With the Reno City Council rescinding a plan to pay $30 million toward Aces Ballpark debt, a threat made by team owner Herb Simon is thrust back into the spotlight: Would be follow through on a plan to move the Reno Aces (Class AAA; Pacific Coast League)?
Simon is a multibillionaire, worth approximately $2.2 billion, according to Forbes. He made his money as head of the Simon Property Group, one of the largest mall developers/operators in the country.
When issues with an impending $55-million construction loan for Aces Ballpark first surfaced, Simon made his stance perfectly clear: he’d rather sell the team, take a hit and walk away from the ballpark if the city and Washoe County didn’t arrange a bailout:
“If we cannot work this thing out, I have some tough decisions,” said Simon. “I’m not as young as I used to be, and I got a family I have to consider. And if it’s not viable, I’m in the position now to take a one-time loss, a considerable loss, but something that I can handle.”
On the one hand, it would be foolish not to take Simon at his word: property development isn’t an area where you get rich without playing hardball when appropriate. He could indeed afford to sell the team (which has considerably appreciated in value, we’re told by baseball insiders) for $20M+. Indeed, we’re seeing a loosening of capital resulting in more potential buyers for PCL teams: the Tucson Padres sold for $20.5 million, and there are at least two suitors for the Memphis Redbirds (the St. Louis Cardinals are sniffing around again, we hear, and there have been talks with an existing International League operator). Add in the sale of nearby land and the ballpark, and Simon is more than halfway toward paying off the ballpark debt without leaving his children as penniless paupers.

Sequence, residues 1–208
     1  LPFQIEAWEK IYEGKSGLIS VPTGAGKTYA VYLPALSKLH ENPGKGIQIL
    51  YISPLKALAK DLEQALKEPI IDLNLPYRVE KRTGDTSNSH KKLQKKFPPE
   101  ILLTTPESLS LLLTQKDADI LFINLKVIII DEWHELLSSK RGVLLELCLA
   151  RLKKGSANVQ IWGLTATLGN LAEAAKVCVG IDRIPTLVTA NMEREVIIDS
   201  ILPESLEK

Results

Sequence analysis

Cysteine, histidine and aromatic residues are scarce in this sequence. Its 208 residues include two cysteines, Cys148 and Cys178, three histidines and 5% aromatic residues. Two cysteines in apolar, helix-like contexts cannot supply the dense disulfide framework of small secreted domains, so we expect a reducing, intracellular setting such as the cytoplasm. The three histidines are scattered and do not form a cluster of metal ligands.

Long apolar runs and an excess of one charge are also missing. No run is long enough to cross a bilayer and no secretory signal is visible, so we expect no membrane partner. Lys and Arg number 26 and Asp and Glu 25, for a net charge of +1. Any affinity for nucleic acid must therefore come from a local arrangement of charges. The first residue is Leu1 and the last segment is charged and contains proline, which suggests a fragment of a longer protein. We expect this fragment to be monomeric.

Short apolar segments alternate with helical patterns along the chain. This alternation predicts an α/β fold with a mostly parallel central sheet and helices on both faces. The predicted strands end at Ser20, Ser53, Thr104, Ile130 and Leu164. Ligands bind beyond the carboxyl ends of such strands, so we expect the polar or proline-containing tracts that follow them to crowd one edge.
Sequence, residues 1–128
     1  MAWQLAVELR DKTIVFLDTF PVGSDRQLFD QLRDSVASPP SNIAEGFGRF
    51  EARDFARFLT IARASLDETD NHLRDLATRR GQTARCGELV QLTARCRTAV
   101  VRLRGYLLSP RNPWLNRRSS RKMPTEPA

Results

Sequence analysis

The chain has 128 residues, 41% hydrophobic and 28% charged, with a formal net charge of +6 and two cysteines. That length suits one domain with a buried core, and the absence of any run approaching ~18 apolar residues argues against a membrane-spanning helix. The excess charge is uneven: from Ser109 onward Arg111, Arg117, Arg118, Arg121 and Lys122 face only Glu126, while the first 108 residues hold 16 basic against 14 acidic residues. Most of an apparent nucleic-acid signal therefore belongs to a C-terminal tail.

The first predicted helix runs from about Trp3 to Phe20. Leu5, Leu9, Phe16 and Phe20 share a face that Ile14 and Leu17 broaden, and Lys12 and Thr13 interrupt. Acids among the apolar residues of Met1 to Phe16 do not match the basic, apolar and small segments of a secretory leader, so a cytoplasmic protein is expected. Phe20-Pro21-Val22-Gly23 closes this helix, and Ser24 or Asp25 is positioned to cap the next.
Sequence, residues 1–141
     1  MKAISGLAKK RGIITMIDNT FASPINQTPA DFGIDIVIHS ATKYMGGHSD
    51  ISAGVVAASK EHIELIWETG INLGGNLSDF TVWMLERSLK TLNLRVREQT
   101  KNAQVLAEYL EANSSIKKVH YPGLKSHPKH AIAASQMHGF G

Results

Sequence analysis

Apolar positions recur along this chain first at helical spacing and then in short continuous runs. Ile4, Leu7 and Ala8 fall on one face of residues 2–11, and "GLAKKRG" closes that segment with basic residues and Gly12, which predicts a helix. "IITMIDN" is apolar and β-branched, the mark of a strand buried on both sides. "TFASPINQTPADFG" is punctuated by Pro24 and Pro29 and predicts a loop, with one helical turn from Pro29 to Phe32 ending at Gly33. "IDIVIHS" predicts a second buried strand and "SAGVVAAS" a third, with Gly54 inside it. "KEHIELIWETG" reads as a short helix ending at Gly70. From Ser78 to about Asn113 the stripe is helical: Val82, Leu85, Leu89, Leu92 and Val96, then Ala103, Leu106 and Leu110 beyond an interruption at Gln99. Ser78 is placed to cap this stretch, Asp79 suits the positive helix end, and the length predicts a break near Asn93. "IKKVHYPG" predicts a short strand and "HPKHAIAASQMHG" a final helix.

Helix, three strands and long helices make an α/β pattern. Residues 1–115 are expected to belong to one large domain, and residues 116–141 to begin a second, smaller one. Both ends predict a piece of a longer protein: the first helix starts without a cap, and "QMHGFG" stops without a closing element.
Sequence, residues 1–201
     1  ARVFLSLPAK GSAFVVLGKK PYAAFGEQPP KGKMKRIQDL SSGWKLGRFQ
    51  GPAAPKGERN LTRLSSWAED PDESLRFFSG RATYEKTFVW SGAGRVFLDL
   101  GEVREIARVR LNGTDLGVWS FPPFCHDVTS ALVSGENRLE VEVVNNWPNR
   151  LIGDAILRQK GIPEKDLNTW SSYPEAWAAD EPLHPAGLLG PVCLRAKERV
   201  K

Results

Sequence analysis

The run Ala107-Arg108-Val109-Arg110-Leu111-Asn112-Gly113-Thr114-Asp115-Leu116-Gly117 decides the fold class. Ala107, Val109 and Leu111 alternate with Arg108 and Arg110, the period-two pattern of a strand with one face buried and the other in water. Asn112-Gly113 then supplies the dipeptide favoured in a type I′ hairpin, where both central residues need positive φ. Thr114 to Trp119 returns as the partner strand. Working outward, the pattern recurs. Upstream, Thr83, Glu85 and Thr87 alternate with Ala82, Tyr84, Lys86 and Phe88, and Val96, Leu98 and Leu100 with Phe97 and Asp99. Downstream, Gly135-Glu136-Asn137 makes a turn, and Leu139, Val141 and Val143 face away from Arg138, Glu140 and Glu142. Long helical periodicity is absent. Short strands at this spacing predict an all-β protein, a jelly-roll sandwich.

On the other hand, it would take some time for Simon to get out of Reno. The Pacific Coast League and Minor League Baseball would need to sign off on any sale and move, and even though the ballpark was privately financed, it’s still bad form for a team to leave a market after only four or five years. Technically, a move of the Aces wouldn’t involve saddling a municipality with ballpark debt, but it would still project a bad image and cloud the prospects for any publicly funded ballparks down the road. The 2013 Triple-A All-Star Game is set for Reno; it will be interesting to see where things lie then. Meanwhile, the City Council will revisit the issue in coming weeks.
RELATED STORIES: Reno withdraws future funding plan for Aces ballpark; Washoe County balking at Aces ballpark subsidy; Reno approves ballpark bailout; Aces owners: Refinance ballpark or we’ll move team; Aces, Washoe County continue debate over property taxes
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